The 600k was the fine for non-compliance. You'd get that whether or not someone was killed. (some fines will get a bumper for injury, but not many have a bump for death for some reason)
Ret assured, there will be a multi-million dollar lawsuit filed by the family that will get settled out of court for an "undisclosed amount". (around 4 million is par) The fine was just the wakeup-call for the board to find a scapegoat to be the focus of the PR crucification and actual painful monetary loss for the impending lawsuit. The way things like this usually go, if the press doesn't dig up any real pattern of misconduct, there will probably just be someone issuing a public apology. If they do find a pattern, someone will get the axe.
Unfortunately, these places rarely get a fine unless someone is injured or killed, because nobody knows or cares about the noncomp until it hits the papers. Then the regs look bad if they don't step in and issue a fine like they ought to have done several times in the past to have, y'know, prevented this from happening in the first place.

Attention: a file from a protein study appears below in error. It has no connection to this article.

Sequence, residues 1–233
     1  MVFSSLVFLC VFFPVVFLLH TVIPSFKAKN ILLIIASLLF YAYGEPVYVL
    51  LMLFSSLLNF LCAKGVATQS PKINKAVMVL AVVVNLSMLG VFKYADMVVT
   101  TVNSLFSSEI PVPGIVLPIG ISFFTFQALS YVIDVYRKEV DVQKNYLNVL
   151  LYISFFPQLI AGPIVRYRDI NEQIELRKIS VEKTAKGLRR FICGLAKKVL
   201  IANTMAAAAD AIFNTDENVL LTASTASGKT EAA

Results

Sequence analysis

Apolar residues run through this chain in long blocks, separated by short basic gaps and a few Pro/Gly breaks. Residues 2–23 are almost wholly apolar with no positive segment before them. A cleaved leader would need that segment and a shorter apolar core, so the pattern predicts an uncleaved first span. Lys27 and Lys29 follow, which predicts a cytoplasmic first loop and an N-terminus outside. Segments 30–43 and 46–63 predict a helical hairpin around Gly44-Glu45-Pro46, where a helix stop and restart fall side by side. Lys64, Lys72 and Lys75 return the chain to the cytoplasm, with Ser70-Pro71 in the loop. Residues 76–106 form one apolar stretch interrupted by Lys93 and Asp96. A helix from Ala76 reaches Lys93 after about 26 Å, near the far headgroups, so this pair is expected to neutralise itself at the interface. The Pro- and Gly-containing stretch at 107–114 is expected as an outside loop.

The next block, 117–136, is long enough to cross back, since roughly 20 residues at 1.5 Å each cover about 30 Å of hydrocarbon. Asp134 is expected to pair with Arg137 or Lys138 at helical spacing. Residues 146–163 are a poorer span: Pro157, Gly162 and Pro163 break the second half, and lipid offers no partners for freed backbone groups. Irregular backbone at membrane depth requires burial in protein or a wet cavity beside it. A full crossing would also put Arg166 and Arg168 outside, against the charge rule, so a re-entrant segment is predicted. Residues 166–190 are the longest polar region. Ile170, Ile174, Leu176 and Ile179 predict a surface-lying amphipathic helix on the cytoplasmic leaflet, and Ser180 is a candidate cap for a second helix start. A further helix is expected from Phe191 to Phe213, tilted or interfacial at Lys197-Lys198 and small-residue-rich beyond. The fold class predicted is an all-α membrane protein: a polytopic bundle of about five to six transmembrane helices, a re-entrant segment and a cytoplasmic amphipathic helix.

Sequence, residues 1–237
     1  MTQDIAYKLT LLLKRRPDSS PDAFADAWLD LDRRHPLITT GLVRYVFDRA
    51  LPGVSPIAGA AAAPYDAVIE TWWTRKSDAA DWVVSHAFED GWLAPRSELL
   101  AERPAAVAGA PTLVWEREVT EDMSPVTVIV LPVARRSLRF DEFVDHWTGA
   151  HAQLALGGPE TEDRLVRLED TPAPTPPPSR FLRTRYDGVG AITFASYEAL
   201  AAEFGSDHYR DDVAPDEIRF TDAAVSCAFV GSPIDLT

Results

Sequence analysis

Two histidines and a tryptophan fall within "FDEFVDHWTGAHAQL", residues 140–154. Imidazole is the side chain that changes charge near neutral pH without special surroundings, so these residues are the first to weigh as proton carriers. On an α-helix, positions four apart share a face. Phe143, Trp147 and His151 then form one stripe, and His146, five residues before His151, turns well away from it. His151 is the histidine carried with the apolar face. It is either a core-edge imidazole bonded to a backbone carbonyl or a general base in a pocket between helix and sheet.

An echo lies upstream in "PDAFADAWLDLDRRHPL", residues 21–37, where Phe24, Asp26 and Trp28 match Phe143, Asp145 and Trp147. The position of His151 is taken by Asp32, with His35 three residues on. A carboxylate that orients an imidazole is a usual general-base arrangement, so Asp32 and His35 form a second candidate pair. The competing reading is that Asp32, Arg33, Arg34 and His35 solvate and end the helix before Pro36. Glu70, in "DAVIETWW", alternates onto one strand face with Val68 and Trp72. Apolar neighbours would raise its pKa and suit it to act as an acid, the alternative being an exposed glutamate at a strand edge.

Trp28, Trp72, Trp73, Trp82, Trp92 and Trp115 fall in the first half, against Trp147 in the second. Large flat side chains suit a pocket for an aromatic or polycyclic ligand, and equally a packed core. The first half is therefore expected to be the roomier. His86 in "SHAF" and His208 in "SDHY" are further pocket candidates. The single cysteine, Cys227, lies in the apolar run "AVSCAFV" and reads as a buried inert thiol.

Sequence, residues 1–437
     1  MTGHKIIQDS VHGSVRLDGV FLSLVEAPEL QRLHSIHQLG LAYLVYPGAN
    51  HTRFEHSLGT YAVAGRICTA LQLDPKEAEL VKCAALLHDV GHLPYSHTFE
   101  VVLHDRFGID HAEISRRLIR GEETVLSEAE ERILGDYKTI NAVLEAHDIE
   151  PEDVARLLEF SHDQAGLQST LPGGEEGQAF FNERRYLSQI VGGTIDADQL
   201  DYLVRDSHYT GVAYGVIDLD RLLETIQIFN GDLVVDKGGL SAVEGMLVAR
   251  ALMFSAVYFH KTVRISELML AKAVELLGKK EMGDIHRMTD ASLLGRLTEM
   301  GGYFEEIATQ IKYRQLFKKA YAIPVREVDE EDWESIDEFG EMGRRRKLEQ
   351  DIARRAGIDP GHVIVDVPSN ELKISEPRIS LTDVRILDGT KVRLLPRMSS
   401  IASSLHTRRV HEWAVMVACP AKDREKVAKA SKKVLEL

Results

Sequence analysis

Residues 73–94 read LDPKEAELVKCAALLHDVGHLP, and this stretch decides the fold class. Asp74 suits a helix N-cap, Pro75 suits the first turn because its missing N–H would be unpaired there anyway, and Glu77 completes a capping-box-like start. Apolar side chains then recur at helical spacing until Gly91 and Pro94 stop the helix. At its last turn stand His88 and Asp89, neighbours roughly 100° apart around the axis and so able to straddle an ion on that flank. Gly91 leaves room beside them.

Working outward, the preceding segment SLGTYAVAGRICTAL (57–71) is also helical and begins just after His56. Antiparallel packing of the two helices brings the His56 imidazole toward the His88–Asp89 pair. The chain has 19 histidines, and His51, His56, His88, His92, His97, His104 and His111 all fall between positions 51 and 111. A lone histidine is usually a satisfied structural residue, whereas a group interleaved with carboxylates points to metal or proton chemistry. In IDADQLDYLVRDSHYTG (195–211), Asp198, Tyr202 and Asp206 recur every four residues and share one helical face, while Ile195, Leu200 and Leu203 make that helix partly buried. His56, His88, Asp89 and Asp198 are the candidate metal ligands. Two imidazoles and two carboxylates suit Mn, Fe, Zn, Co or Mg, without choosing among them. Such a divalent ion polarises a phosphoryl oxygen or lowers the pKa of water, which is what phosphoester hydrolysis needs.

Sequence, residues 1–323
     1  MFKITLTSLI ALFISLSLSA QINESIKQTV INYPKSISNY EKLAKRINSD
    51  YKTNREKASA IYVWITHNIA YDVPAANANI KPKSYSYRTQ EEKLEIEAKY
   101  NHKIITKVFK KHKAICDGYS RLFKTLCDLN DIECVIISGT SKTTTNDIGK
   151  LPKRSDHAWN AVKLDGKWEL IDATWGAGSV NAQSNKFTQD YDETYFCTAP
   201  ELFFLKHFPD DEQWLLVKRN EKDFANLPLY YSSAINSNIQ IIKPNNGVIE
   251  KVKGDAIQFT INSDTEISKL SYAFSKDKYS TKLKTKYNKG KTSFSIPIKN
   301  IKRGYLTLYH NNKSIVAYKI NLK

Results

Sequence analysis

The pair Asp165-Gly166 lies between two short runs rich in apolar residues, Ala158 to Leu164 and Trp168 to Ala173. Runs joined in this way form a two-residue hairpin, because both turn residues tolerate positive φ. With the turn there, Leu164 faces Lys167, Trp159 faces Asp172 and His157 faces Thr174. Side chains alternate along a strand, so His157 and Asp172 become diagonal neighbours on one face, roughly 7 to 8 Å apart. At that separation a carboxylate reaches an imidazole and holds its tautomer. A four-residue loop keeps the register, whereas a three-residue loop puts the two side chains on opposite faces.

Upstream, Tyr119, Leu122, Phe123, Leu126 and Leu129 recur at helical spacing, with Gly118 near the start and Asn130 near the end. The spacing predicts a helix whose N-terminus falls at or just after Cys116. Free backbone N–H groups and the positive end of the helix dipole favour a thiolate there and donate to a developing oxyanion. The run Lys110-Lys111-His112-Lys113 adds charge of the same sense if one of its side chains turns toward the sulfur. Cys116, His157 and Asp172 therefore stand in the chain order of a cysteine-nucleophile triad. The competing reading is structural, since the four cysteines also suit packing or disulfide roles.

But regardless of what happens, hopefully there will be changes made. From the looks of it, the tech that got killed was unaware that the wire that got him was energized, due to poor communication from his management, which appears to have been the result of poor communication from upper management and whoever was coordinating the work with the other group that was in charge of the deadly wire. So it's a bit early to be blaming the tech. Heck, he may have opened the box and tested it and found it wasn't connected yet and was safe to leave open, got to work, connecting it to something else, and half an hour later someone in another building lit the box up and the tech never knew what hit him. Things like that can happen when two different groups are working on connected systems and are unaware of each other and not keeping in communication as shared circuits are cut and energized.